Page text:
We arrived in California’s Death Valley National Park just in time to watch the blazing sun fade away behind the mounds of rock and sand. We opted to sleep in the car rather than pay for accommodations as we had done without issue for most of our five month road-trip across the USA. Our extensive experience traveling through deserts in Utah, Arizona, New Mexico and Colorado, had proven to us that the oppressive heat produced by the desert sun is always replaced by cool, comfortable air following dusk. We had yet to experience a desert which continues to roast its inhabitants the whole night through. The inferno formed in California’s infamous Death Valley produces record temperatures so high that it would leave Lucifer himself climbing the walls in search of an escape. It is located in Mohave Desert where the rain shadow produced by the Sierra Nevada mountains blocks all wind and weather systems from reaching the valley. This land is renowned for being the hottest place in the entire world and the driest in all of North America.
The heat was absolutely tyrannical; utterly incapable of defeat. Throughout the night I would take off my shirt every fifteen minutes and drench it in water then put it back on; a fruitless attempt to cool my body. Our fear of venomous spiders and scorpions made us wary of rolling down the windows, not that it mattered because there was absolutely no air current to speak of. To add insult to injury, Karina was sick with a fever so her body was truly being pushed to the limit, being attacked from the outside and from within. For the first time having a horrible cold on the road was a benefit to one of us; I was suffocating as I attempted to fall asleep in an oven, while the hellish-heat kept Karina’s feverish chills at bay enabling her to get some rest.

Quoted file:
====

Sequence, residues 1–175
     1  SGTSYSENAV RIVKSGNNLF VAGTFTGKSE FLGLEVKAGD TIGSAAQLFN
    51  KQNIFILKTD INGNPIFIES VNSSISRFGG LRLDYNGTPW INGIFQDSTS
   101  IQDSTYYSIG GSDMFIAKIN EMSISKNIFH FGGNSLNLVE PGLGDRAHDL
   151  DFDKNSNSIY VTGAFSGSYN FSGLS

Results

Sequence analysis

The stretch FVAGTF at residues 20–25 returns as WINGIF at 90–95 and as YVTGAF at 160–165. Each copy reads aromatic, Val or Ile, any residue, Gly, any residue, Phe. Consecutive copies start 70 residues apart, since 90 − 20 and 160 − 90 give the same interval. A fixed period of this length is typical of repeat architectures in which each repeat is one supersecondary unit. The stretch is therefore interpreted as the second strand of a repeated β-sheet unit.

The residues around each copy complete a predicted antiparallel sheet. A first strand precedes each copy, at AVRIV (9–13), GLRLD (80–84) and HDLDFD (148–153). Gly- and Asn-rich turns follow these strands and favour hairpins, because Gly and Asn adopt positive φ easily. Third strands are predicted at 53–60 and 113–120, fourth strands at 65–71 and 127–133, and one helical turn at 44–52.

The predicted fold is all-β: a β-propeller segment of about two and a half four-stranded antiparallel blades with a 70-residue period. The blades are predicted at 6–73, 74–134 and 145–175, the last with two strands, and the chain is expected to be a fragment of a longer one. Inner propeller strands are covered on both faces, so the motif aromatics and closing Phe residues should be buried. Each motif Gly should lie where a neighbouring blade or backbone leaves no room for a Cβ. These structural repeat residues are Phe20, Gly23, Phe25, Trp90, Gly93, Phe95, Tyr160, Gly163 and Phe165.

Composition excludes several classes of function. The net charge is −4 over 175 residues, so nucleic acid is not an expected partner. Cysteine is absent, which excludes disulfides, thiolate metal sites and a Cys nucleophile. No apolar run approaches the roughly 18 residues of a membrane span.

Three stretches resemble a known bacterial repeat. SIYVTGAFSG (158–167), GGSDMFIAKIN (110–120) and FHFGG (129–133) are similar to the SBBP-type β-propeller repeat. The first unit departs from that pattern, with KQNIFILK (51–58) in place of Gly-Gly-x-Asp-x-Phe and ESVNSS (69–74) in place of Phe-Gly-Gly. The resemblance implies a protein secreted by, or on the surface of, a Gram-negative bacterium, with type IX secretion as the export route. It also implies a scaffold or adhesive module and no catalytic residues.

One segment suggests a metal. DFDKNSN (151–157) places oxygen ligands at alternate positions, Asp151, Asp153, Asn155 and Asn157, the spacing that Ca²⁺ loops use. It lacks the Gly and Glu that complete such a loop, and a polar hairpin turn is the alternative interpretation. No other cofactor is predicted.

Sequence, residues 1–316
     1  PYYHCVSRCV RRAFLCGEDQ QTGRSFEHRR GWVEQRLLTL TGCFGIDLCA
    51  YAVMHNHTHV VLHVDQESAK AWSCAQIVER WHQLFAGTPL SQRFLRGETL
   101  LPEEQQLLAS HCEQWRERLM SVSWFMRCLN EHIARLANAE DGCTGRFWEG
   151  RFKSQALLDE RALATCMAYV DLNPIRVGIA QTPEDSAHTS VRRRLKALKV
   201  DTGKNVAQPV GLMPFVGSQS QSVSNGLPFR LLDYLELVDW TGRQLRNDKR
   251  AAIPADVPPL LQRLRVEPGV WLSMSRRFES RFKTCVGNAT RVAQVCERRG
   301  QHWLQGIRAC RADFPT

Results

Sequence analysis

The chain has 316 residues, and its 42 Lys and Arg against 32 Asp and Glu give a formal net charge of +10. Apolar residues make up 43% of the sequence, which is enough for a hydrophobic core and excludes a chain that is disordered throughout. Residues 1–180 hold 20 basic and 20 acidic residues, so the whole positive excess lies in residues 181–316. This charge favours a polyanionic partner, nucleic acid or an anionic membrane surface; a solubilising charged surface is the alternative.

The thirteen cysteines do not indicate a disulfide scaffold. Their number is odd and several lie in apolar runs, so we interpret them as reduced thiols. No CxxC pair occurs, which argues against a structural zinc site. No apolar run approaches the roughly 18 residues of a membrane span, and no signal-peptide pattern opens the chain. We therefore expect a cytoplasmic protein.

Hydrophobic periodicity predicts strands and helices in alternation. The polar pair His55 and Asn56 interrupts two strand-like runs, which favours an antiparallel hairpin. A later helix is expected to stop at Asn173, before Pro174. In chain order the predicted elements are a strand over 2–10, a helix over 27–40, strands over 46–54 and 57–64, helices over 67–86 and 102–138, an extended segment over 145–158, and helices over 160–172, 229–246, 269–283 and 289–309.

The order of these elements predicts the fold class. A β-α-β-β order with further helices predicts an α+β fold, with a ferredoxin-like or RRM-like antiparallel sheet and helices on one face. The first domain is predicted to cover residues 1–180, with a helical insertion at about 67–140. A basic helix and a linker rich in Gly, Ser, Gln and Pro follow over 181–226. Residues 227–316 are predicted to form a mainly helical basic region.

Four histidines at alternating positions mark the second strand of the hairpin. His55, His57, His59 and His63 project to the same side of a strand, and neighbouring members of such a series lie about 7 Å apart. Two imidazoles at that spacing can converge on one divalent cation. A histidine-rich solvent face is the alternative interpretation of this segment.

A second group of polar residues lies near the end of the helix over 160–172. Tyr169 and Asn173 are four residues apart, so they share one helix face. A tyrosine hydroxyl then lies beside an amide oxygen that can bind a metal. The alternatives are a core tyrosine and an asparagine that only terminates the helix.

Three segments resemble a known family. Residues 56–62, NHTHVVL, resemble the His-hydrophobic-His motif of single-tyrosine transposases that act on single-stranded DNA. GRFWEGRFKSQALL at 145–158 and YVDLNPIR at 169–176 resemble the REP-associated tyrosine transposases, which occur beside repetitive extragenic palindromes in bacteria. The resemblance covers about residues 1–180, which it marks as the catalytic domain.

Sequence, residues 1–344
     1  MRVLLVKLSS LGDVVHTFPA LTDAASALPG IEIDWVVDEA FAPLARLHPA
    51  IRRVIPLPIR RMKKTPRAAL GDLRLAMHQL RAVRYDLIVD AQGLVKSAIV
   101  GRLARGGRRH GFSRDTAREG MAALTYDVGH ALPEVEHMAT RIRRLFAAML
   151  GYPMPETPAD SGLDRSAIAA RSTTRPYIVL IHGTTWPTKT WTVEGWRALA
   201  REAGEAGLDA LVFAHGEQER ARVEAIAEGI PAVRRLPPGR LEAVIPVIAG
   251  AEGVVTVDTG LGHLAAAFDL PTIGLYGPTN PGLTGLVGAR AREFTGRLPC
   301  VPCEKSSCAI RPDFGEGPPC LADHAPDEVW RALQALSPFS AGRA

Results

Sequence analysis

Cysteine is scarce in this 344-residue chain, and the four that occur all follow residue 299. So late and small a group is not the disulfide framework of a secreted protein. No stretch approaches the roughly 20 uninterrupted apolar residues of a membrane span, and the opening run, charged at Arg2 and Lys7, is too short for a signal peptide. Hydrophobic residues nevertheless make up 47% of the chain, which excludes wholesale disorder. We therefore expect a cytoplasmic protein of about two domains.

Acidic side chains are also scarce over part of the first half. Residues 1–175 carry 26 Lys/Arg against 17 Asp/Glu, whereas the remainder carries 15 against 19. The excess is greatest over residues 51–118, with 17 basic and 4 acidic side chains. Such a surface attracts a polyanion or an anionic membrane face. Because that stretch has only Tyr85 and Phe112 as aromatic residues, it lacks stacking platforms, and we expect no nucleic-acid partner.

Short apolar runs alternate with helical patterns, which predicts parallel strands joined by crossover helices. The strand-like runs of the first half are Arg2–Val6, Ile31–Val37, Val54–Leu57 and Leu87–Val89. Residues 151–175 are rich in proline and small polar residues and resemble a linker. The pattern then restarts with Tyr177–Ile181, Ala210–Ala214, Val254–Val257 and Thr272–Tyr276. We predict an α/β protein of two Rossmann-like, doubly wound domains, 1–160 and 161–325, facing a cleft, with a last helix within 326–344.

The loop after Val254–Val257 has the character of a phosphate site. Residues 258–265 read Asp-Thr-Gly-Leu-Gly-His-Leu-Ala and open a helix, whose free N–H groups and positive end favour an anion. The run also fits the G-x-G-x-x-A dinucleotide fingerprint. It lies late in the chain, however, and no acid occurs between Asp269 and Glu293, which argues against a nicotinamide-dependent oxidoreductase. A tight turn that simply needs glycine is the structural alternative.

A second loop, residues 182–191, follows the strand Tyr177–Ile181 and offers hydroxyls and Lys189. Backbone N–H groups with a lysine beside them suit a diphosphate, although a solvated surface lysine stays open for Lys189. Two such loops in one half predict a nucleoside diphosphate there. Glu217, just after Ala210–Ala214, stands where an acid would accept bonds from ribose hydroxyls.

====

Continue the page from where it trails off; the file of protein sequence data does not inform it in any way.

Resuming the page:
We contemplated driving out of the park in search of a motel with air-conditioning but we knew the expensive cost of nearby shelters so we decided to withstand the pain and suffer through the night. We parked our truck at the base of one of the trails behind a small building. Just as we managed to doze off we were surprised by unexpected guests who were headed for the latrine system, as we had unintentionally parked behind it in the dark. As soon as our fellow explorers opened the door to the building, the putrid stench saturated the once clean-smelling air, which left us gagging and reaching for the keys re-locate our truck. We ended up moving to the parking lot of a pricey nearby-hotel and throughout the night we regularly observed a coyote wandering not ten feet from our truck in search of a good meal.
In the morning we bared witness to a breathtaking sunrise over the world famous Zabriskie Point, and afterward we happily fled the scorching Mohave Desert, taking with us some valuable experience. I had initially entered Death Valley with a naïve sense of familiarity, believing if I knew one desert, I knew them all. I was blindsided with a scorching hot twist that left me with the most painful of sleepless nights; tossing and turning for hours on end, my limbs contorted, and soaked in sweat from head to toe. One car-sleep in Death Valley forced every drop of moisture in my body to abandon my pores turning my flesh to a festering variant of beef jerky. Despite the pain I experienced in California’s notorious badlands, my only regret is that mother nature refused to serve me a tall glass of ice-water to help wash down such an enormous slice of humble pie.
~ An Extraordinary Story by April Beresford ~
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